The “Epidemic” Of Bullying
Is there really such a thing? The Obama admin calls bullying an “epidemic” and a “pandemic.” At DC Scotus Examiner, Hans Bader, Counsel at the Competitive Enterprise Institute, writes, per Justice Dept. studies, that bullying has actually gone down.
Bader notes that the Associated Press noted a “sharp drop” in the percentage of kids being bullied beaten up by their peers, and a New York Times story called the panic over bullying by girls “a hoax.” Bader writes:
If bullying has gone down, how can it be a pandemic? By broadening the definition of bullying to include speech and vague power relationships.
The anti-bullying website nobully.com defines even “eye rolling” as bullying, so if you roll your eyes at a bully, you yourself can be accused of “bullying.” Its ridiculously-broad definition has been adopted by schools like Fox Hill and Alvarado Elementary, which define “eye rolling” and “staring” as “bullying.” As a small middle-schooler, I rolled my eyes at bullies. A recent survey defined bullying to include “the use of one’s . . . popularity to . . . embarrass another person on purpose.”
A student can even be deemed guilty of “bullying” for not inviting a hostile classmate to her birthday party, since social “exclusion” is considered bullying (even though forcing children to invite unwanted guests to their birthday party can violate their right to free association). As a bullying victim noted in response to an article about such broad anti-bullying policies, “as someone who was frequently bullied as a youth, this policy would have required me to invite my own bullies to my birthday party. That sounds exceedingly miserable.”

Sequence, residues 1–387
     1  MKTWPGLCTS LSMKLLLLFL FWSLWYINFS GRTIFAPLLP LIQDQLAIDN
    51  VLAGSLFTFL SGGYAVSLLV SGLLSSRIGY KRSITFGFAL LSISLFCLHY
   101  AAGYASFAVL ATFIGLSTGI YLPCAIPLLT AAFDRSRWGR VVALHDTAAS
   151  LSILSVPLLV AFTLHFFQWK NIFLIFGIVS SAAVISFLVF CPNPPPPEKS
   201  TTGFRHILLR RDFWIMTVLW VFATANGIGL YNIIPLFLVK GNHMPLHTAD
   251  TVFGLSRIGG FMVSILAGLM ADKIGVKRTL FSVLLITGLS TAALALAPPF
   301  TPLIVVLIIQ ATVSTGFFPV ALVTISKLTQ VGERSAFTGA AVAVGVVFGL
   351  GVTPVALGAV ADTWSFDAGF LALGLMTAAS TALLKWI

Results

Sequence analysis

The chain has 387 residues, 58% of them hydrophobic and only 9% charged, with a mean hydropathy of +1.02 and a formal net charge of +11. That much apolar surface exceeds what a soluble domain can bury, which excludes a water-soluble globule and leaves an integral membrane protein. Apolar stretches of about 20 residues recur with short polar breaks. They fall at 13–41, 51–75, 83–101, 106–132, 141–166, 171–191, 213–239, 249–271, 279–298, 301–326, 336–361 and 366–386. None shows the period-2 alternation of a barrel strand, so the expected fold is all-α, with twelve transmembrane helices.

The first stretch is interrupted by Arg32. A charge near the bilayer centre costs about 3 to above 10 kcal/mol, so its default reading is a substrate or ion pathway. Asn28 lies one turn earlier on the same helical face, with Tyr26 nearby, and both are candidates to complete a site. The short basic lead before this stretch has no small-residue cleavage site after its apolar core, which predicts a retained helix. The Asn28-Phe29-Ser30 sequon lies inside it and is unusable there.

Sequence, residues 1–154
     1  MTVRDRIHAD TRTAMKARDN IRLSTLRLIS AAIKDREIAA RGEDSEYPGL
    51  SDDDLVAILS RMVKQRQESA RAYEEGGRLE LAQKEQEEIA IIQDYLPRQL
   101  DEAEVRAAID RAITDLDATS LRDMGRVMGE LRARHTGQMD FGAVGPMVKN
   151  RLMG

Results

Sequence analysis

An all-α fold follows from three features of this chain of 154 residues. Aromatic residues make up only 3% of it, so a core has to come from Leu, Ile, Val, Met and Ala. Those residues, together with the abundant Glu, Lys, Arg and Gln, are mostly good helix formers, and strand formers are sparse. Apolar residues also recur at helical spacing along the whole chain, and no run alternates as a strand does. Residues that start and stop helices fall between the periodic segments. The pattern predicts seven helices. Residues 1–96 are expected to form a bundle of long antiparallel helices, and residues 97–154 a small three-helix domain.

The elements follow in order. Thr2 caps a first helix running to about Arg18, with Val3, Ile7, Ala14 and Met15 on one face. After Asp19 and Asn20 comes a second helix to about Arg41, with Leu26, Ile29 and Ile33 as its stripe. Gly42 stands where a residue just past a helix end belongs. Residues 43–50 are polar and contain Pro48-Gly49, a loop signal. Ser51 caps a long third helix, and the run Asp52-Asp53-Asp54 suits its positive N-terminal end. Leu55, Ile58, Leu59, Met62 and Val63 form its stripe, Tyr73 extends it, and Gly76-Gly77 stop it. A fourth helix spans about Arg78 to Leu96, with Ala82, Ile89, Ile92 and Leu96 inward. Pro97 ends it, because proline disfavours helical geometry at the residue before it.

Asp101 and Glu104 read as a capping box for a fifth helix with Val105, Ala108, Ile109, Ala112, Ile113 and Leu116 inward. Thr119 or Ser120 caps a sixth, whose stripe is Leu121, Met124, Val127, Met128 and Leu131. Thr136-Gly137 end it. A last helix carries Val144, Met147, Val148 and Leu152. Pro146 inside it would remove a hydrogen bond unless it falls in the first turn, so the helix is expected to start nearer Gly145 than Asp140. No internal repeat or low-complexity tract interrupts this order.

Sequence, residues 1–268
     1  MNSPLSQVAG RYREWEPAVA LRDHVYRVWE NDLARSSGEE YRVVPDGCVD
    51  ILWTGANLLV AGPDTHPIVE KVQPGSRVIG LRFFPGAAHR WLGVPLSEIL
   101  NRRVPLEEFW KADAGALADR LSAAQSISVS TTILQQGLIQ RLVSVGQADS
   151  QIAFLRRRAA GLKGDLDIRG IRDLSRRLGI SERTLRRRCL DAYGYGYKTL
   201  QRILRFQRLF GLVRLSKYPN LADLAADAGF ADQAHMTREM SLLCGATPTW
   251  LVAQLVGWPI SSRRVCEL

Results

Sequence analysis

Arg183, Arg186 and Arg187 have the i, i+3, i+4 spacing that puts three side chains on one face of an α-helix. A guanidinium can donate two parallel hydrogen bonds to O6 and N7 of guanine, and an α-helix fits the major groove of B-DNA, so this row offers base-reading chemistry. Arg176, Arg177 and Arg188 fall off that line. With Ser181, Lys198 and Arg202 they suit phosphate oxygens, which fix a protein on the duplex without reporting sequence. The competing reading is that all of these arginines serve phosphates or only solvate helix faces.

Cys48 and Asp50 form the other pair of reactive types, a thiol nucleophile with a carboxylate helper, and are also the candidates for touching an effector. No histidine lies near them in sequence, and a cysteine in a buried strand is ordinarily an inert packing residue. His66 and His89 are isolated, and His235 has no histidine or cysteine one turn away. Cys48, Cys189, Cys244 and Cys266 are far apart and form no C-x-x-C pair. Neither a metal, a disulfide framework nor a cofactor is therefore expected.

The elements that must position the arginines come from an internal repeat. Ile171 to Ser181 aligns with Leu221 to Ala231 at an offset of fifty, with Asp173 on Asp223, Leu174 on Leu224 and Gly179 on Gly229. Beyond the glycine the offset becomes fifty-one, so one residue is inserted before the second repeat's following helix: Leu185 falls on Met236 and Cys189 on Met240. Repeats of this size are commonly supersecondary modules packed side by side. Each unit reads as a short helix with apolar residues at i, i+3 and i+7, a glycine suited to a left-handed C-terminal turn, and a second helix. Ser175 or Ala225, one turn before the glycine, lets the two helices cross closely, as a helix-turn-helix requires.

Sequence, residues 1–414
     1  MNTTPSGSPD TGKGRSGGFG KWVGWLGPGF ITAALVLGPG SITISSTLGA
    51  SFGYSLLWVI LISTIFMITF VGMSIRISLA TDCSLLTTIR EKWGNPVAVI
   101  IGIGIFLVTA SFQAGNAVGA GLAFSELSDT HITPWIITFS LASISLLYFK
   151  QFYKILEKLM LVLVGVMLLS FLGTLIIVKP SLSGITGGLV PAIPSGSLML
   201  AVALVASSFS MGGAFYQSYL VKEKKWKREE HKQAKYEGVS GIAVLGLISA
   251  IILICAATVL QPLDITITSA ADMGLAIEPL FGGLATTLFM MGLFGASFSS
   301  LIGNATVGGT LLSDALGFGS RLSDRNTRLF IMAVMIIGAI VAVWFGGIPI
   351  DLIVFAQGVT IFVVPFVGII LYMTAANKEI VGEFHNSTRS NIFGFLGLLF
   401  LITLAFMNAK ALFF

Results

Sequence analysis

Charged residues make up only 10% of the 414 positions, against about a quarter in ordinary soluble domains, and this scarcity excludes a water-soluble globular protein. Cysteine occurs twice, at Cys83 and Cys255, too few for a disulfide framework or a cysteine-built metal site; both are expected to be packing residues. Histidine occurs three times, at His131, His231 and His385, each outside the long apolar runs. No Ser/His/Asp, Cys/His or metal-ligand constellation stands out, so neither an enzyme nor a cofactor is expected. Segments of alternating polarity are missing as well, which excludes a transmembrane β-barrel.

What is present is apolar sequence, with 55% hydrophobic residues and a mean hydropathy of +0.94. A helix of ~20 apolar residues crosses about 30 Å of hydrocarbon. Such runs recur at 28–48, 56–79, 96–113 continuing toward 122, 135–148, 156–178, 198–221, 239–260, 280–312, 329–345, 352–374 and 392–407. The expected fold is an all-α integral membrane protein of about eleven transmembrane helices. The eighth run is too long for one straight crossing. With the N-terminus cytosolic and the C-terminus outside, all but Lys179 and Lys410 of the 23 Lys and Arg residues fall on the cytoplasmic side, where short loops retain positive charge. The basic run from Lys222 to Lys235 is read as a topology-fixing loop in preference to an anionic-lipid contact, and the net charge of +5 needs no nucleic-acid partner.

Forty-five states “have laws requiring public schools to adopt anti-bullying policies,” but there’s no federal law against bullying, in general. That hasn’t stopped the Obama administration from trying to federalize anti-bullying policy. Its StopBullying.gov website defines “teasing” as a form of “bullying,” and “rude” or “hurtful” “text messages” as “cyberbullying.” Since “creating web sites” that “make fun of others” also is deemed “cyberbullying,” conservative websites that poke fun at the president are presumably guilty of cyberbullying under this strange definition. (Law professors like UCLA’s Eugene Volokh have criticized bills by liberal lawmakers like Congresswoman Linda Sanchez (D-Calif.) that would ban some criticism of politicians as cyberbullying.)
School bullying can only violate existing federal law if it involves racial or sexual harassment. Moreover, harassment by students violates federal law only if it’s condoned by school officials, and is severe and pervasive. In its 1999 decision in Davis v. Monroe County Board of Education, the Supreme Court ruled that schools can be sued “only where they are deliberately indifferent to sexual harassment, of which they have actual knowledge, that is so severe, pervasive, and objectively offensive that it can be said to deprive the victims of access to the educational opportunities or benefits provided by the school.” As it emphasized, “Damages are not available for simple acts of teasing and name-calling,” nor are they available for even “severe one-on-one peer harassment” if it occurs just a “single” time.